[Small group tour review] Jeonju National Intangible Heritage Center

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On May 15, 2021, K-UNESCO ADVENTURES member Meggie and 8 other social media savvy foreigners visited Jeonju. They were worried about the rain on the way there but upon arriving, the weather was pleasantly sunny, marking a comfortable start to the tour.

 

After a trek through the streets of Jeonju Hanok Village, the group visited a restaurant specializing in Jeonju Bibimbap, a popular local specialty, to have lunch. Our friends fell in love with the colorful and healthy aesthetic of the Bibimbap, which matches the Obangsaek(five cardinal colors), or Korean traditional colors. Jeonju Bibimbap is especially popular because of how it uses Jeonju 8 mi(8 local ingredients that are known for their delicious taste) and because of how much dedication and effort is put into the dish.

 

After enjoying the serene landscape of the Jeonju Hanok Village, they arrived at the highlight of the day, the Jeonju National Intangible Heritage Center. The National Intangible Heritage Center is devoted to the conservation and transmission of Korean intangible heritages and provides various exhibitions, activities, and performances. We recommend planning your visits on a date that you can watch a performance~!

 

First, the group was given a brief introduction to the Tal(Korean Mask) and listened to the legend behind the Imaetal(Fool’s mask), which is used during the Hahoe Byeolsingut Talnori(special ritual drama to the gods). Afterward, they made their own masks with foam clay and learned simple dance steps for the Talchum. Wearing their masks and dancing together was enough to fall in love with the high-spirited allure of the Talchum. At the ‘Ulsumaru’ Grand Performance hall, you can enjoy a digital experience of making a mask by selecting the type and feature of the mask.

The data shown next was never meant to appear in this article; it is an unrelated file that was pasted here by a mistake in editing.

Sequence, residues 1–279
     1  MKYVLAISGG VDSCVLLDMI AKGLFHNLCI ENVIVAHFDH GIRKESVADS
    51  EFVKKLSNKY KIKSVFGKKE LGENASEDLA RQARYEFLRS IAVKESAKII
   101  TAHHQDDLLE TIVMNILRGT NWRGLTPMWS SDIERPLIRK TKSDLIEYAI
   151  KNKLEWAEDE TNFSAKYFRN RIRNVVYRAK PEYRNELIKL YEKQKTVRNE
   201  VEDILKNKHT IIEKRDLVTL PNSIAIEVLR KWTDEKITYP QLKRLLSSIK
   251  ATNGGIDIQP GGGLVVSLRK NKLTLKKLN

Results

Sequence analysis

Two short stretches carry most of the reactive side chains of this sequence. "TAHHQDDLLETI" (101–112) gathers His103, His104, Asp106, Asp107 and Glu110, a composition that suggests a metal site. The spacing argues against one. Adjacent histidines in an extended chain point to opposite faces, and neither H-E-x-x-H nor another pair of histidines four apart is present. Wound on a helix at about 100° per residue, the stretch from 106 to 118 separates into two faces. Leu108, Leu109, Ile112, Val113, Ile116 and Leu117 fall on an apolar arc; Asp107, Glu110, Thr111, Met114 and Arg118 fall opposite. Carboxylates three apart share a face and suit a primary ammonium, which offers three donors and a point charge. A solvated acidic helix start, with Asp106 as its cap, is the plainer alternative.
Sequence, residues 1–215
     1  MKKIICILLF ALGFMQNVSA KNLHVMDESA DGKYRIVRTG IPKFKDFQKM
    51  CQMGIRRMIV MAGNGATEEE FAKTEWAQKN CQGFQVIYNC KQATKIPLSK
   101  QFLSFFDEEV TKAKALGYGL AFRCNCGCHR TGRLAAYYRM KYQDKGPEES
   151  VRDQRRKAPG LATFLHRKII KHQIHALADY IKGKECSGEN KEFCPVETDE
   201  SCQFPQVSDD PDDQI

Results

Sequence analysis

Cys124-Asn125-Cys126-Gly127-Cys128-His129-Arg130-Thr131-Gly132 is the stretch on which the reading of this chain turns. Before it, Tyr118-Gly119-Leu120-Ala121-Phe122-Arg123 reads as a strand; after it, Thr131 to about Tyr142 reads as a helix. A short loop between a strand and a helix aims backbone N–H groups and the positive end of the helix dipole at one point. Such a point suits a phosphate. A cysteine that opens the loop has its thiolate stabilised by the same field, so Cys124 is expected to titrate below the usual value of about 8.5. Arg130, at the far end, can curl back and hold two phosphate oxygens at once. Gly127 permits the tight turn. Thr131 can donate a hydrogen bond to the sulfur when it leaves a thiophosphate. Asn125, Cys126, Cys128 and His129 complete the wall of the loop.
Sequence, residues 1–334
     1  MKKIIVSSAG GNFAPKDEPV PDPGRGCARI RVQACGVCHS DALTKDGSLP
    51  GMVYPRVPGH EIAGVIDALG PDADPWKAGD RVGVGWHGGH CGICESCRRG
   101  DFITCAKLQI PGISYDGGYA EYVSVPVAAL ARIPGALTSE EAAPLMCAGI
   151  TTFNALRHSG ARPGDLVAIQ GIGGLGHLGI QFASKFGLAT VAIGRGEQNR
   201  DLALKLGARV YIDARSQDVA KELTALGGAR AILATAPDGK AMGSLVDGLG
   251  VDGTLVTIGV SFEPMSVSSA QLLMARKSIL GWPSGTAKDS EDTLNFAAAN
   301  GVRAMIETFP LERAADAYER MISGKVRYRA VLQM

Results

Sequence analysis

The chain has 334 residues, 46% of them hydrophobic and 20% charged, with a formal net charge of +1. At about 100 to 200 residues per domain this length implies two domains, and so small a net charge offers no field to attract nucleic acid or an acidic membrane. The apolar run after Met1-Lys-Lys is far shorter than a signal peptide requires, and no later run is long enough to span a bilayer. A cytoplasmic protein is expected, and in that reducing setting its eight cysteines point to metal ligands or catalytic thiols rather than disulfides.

The members took a tour of the intangible heritage exhibition hall and the experience hall. At the Digital Experience Hall, you can experience tightrope walking, watch a Talnori performance with VR, learn the crane dance, and view a 3D panorama footage of Korea’s intangible heritages, making learning about Korea’s cultural legacies easy and enjoyable. The employees at the center recommended watching the 3D video and indeed, the group found the well-made video to be a vivid experience.

 

Last but not least, they watched the Samdo Nongak performance by the Hannuri Cultural Troupe. Samdo Nongak is a derivative product that combines Nongak from Seoul, Gyeonggi, Jeolla, and Gyeongsang regions together, reinterpreting the unique melodies and movements of each district into a performance that appeals to the public. It was a one-hour performance full of entrancing melodies that resonated with the sound of the audience clapping in unison.

 

If you enjoyed our story of the Jeonju Fam Tour, look forward to the Jeonju Fam Tour video we will be uploading on Youtube in July~! Thank you.